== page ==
It can be a challenge to figuring out how to help the environment. The good news is, bettering the planet doesn’t have to be expensive or drastic. Rather, sustainable changes consist of small intentional actions that are easy to commit to while still leaving a lasting impact.

Here are some changes you can incorporate into your daily life that will make a big difference.

1. Reduce Food Waste

When food ends up in landfills, it generates methane, which is a potent greenhouse gas.  According to the U.S. Food and Drug Administration (FDA), food waste is estimated between 30-40% of the food supply. As a result, the Environmental Protection Agency (EPA) estimates greenhouse gas emissions of more than 42 coal-fired power plants.

Here are two easy ways to help combat food waste:

Donate or get creative. If you have excess nonperishable canned goods or household items, consider donating them to a community pantry, food bank, local church, or community center. Feeding America also has a nationwide network of food banks and programs that help millions of people find food. Or you can put your creative skills to the test by tackling the leftovers in your fridge. If you’re making a large pan of lasagna or a pot of green chili, extra portions can be frozen and thawed for future meals.

Compost food scraps. Compost is created by combining organic wastes, such as banana peels, leftover foods, and eggshells, to provide enrichment for the environment. By composting wasted food and other organics, methane emissions are significantly reduced. The EPA also has a handful of resources to help you get started.

2. Buy Second-Hand Items

While there are some social advantages to fast fashion, the environmental impact is far more severe. Investopedia reports that the industry uses 93 billion cubic meters of water per year and emits more than 10% of global carbon emissions. Purchasing items second-hand helps reduce the consumption of mass-produced goods and fast fashion clothing.

3. Donate to A Cause You Care About

Some organizations help their communities by letting customers and employees participate in giving back to causes they care about. For example, FirstBank announced a campaign that allowed customers to put “banking for good” into action by supporting nonprofits committed to saving critical parts of our environment.

To learn more, visit or (Spanish).  

4. Bike or Walk More Frequently

Now that summer is here, it is the perfect time to bike or walk. Cycling uses minimal fossil fuels and is a pollution-free transportation method. Bikes also reduce the need to build, service, and dispose of cars. Choosing a bike over a car just once a day can reduce the average person’s carbon emissions from transportation by about 67%. Not only is biking good for the environment, it’s good for you too.

5. Participate in a Cleanup

A community cleanup brings volunteers together to clean, repair, and improve public spaces or other areas that have been neglected, polluted, and misused. Cleanups help reduce pollution and support the health of animals in the area. Every piece of trash collected to be recycled or put into a landfill means there is one less unsafe item that could potentially harm wildlife. This also creates a safer environment for children when visiting parks in their communities.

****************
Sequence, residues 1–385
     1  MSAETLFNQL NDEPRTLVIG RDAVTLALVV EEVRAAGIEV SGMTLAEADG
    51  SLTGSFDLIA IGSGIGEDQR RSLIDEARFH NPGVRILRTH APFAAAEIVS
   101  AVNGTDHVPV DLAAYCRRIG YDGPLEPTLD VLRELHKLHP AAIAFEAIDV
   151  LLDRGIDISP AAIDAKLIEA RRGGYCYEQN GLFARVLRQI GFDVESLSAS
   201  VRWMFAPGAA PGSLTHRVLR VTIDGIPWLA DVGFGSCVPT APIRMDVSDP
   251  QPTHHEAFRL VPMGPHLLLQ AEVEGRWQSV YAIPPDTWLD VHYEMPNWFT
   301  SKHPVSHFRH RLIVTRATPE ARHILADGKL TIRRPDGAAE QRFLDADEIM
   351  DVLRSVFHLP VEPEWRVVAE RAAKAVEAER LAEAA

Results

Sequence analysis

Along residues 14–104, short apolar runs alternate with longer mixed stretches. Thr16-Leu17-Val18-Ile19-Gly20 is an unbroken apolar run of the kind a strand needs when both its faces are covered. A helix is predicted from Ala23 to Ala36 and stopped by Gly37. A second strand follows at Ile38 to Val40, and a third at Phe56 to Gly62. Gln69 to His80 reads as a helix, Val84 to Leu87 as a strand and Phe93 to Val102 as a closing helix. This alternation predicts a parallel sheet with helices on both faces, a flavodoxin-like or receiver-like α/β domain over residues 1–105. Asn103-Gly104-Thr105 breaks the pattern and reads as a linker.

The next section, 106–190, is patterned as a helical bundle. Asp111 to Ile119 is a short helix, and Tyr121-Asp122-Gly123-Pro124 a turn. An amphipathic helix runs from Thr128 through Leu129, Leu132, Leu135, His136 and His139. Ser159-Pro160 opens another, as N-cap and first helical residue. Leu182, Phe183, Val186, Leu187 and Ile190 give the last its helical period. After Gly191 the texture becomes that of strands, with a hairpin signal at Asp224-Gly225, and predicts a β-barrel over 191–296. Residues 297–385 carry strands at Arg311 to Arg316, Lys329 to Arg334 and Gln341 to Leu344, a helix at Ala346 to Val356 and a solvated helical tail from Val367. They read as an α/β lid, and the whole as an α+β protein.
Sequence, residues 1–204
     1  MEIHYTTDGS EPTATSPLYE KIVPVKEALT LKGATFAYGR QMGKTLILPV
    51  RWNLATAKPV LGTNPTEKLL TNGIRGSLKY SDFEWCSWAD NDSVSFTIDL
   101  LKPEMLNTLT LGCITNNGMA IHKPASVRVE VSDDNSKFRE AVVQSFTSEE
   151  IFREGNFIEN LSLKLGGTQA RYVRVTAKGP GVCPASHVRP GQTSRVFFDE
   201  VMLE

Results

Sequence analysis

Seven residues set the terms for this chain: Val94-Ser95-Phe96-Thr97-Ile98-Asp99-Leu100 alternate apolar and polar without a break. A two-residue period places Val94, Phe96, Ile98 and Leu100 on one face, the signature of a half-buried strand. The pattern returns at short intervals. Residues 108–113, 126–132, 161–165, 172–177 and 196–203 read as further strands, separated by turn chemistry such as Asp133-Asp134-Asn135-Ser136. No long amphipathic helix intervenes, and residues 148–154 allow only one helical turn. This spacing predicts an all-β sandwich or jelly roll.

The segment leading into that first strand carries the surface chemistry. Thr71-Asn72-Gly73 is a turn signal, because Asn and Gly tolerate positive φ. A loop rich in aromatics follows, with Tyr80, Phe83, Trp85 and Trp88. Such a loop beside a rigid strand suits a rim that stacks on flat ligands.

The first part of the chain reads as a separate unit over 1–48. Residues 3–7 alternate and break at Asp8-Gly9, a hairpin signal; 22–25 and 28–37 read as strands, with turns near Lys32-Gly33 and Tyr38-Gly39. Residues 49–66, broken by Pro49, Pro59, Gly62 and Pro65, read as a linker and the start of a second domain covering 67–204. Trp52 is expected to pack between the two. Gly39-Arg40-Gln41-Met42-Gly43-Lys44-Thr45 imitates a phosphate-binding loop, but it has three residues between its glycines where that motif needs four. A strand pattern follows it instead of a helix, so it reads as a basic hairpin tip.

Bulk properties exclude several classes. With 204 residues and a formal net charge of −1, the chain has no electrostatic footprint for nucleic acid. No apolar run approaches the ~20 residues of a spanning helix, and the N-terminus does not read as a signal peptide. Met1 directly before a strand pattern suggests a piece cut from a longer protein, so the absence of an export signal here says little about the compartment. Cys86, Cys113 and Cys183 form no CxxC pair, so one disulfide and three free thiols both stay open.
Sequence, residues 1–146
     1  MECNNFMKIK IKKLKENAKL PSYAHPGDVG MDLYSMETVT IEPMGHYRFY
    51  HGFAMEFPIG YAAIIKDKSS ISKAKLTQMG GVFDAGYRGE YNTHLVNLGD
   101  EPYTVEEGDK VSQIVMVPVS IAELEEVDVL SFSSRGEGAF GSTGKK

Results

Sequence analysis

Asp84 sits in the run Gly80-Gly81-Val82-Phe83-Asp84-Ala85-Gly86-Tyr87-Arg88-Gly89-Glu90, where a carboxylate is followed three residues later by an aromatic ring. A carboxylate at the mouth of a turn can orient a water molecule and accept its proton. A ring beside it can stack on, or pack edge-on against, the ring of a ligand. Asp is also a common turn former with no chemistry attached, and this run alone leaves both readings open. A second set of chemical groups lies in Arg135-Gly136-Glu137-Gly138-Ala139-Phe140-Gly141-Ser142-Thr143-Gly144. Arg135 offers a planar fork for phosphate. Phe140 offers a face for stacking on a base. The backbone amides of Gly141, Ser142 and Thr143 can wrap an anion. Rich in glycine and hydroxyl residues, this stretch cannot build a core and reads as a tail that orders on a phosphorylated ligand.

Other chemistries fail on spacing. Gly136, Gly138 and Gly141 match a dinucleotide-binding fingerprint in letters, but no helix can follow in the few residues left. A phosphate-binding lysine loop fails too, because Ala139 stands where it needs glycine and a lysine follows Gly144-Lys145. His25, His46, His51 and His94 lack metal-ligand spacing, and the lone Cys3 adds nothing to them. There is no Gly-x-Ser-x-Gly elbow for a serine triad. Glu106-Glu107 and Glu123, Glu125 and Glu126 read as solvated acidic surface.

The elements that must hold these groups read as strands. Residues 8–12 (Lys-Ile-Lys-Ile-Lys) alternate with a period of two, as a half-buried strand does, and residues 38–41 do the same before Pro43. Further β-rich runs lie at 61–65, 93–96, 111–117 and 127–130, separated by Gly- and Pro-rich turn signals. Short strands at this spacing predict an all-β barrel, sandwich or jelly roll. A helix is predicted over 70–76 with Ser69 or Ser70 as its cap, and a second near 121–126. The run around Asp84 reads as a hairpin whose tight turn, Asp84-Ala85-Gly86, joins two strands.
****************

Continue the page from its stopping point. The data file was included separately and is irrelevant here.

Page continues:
6. Manage Money Purposefully 

Unnecessary spending can be bad for the environment and expensive for you. An increase in demand naturally drives the rate of production, which in turn, leads to land use, deforestation, and the emission of harmful pollutants. Before purchasing, learn more about the company’s sustainability goals. Being conscious of where you spend your money can also help you save and impact the planet. 

7. Adopt a Green Thumb

Whether you want to start your own backyard garden or volunteer at a local community garden, there are plenty of ways to help plant fruits, vegetables, flowers, and trees this summer. In fact, nonprofits like One Tree Planted make it easy for individuals and businesses to give back to the environment, create a healthier climate, protect biodiversity and help reforestation efforts worldwide by planting trees.

8. Help Out Pollinators

Did you know over 100,000 invertebrates and over 1,000 mammals, birds and reptiles act as pollinators? However, the most commonly known are bees, butterflies, moths and wasps. Unfortunately, they are in decline worldwide due to habitat loss, invasive species, parasites and pesticides. Luckily there are ways to help by supporting organizations like Project Apis m., dedicated to funding research and efforts supporting honey bee health and securing pollination of our favorite healthy foods.

9. Recycle Your Plastic

It may seem cliché, but recycling plastic that would otherwise land in the ocean or a landfill is one of the easiest ways to help save the planet. According to, in 2022, there was a recorded 8 million metric tons of plastic in the ocean. The amount of plastic trash that flows into the ocean each year is expected to triple by 2040.

FirstBank has partnered with Second Wave®, which upcycles recovered ocean-bound plastic into goods like shampoo bottles, outdoor furniture and debit cards. New FirstBank customers will receive a ROBP Visa® Debit Card.*

Nonprofits like Western Resource Advocates (WRA) focus on advocating to fight climate change and advance clean energy to help protect the region’s unique lands, waterways, and wildlife.

While these small changes can help benefit the planet, see how FirstBank is helping the environment and encouraging its customers to do the same.

*$10 per card, per year (For certain checking account accountholders, the Visa debit card fee will be waived for those who are 25 years of age and under at the time the annual fee is charged)

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